“Milestones” -marking Hollan’s debut on the established Spotted Peccary label- had a long way coming, not only as life got in the way. It actually deals with the marking points in the composer’s life where he grew (emotionally and intellectually) the most.
Following his prior release “Prayer To The Energy”, Hollan first began concentrating all efforts on his art career, because it became his primary focus with regard to financial income. In 2017, the composer ran into Howard Givens (co-founder of Spotted Peccary Music) at a Steve Roach concert in Tucson, Arizona and approached him about the possibility of releasing his seventh album on the SP label. He was receptive and agreed to listen to the new material whenever it was ready. Eventually work on new material began early 2018 without any overall theme or concept for the project. In the process of shaping and moulding his music, Howard gave some constructive criticism and gentle guidance while keeping Hollan onto a solid, creative path to make sure he would deliver the best he could eventually. Now that the music was done Chad Kettering, once again, did the (initial) mastering, but Howard followed up with some adjustments made possible by some specialized gear to which Kettering did not have access. As such they took Holmes’ work to the next level providing it some top-notch mastering eventually.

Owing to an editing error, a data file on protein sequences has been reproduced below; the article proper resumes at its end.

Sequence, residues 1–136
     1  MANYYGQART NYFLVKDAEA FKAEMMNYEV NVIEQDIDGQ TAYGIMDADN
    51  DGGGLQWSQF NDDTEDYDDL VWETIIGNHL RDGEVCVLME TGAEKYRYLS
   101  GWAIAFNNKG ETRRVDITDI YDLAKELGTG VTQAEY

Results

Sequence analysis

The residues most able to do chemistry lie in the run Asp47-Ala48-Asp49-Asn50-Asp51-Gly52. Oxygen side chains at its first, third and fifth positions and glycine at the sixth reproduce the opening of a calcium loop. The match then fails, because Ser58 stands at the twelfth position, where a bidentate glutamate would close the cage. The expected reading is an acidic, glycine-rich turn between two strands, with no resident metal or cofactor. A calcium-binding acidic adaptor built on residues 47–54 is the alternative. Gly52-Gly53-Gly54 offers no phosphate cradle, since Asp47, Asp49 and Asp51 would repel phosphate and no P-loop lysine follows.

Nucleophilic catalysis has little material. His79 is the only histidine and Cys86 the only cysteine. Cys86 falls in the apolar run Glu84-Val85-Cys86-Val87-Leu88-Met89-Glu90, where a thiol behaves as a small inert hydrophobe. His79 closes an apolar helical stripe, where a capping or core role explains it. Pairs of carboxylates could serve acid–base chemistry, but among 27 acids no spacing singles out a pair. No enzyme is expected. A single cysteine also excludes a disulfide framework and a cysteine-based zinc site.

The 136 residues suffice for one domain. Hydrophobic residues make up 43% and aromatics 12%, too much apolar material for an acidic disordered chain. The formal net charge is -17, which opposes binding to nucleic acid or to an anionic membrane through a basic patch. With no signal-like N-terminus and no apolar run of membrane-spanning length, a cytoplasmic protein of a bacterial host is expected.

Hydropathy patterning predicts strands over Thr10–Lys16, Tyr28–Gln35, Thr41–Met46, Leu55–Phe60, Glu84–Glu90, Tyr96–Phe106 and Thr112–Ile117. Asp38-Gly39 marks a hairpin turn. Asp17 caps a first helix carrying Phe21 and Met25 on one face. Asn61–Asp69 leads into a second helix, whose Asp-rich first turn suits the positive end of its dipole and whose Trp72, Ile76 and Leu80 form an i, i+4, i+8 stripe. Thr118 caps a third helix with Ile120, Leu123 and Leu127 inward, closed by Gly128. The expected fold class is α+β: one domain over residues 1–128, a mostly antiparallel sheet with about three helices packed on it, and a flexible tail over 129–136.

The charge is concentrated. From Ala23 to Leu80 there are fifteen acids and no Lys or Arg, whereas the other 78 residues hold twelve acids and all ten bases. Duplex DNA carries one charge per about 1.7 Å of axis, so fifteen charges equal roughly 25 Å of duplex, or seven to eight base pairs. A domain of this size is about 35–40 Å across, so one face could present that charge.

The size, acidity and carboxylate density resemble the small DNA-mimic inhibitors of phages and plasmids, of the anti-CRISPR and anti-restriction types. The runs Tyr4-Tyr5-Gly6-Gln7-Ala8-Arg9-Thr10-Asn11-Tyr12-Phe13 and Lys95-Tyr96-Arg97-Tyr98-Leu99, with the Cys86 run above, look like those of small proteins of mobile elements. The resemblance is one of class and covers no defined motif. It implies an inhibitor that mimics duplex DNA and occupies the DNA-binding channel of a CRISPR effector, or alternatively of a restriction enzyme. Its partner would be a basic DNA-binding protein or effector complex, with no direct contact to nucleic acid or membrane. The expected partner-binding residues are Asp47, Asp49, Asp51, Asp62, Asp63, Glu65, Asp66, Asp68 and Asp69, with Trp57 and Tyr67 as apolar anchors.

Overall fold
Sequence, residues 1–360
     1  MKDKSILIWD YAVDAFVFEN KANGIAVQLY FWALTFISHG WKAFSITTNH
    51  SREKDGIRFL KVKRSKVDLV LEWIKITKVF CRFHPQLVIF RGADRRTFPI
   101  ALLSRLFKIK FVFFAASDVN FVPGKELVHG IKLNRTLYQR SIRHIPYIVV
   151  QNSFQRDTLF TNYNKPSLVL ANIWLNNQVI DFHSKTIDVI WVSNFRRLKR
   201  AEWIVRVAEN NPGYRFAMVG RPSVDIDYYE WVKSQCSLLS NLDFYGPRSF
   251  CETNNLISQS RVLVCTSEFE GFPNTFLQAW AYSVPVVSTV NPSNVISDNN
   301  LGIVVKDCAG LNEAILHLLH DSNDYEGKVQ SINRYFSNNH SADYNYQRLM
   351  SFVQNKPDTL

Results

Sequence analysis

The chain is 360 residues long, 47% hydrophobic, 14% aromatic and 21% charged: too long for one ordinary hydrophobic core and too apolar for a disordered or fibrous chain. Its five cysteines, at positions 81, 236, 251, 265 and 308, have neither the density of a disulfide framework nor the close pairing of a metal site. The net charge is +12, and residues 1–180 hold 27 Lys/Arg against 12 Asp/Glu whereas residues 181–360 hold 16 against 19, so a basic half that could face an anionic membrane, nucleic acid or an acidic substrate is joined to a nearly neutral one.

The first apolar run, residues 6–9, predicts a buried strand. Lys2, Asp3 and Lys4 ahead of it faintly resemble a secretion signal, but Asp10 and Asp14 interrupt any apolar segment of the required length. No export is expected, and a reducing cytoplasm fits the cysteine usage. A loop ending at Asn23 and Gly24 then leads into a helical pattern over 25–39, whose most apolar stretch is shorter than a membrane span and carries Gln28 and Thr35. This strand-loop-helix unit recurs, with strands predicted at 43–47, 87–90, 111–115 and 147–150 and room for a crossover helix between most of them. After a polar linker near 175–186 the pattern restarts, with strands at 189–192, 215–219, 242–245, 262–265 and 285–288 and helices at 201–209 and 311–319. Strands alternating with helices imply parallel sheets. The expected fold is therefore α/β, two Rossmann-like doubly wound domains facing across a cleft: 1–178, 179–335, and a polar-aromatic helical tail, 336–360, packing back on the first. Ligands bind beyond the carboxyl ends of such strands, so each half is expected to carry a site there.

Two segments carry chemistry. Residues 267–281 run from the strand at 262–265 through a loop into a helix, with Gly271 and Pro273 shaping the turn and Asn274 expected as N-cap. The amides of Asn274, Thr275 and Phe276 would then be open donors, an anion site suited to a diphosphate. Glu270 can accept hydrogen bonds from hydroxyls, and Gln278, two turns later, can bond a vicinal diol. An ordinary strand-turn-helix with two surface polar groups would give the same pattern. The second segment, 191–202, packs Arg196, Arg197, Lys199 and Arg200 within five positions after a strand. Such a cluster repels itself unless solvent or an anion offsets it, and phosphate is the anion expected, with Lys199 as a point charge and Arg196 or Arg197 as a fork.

Well, all efforts have led to a work of contemporary electronic music presenting 10 inspired tracks ranging between five and seven minute duration. This time around and compared to his previous work, “Milestones” covers a broad range of styles while it also takes a different approach in regard to compositional arrangements and dynamics: a few pieces are in line with Holmes’ traditional sequenced runs but one will notice there actually are a lot of thrilling dynamics at play in these pieces with minimalist patterns fading in/out. Simply check out the stellar “One Giant Leap”, “Inner Sanctum” and sweeping “Something Wicked This Way Comes” for that while a reflective realm shimmers through the elegant “Slipstream” and slightly mourning “The Phone Call” as they’re always evolving and very melodic in their nature.
The last composition on the album, the highly emotive and captivating “Ayyappan”, was inspired by Hollan’s very dear Indian friend by the same name, a person he considers among the most kind and gentle souls he’s ever met. An interesting detail as his name is the same as the Hindu God of growth, as such connecting to the marking points in Hollan’s life mentioned earlier. I rate the 65-minute “Milestones” another well-accomplished work but also a different breed considering his previous releases.
You can see what reviews I have done of this artist on the Hollan Holmes artist page
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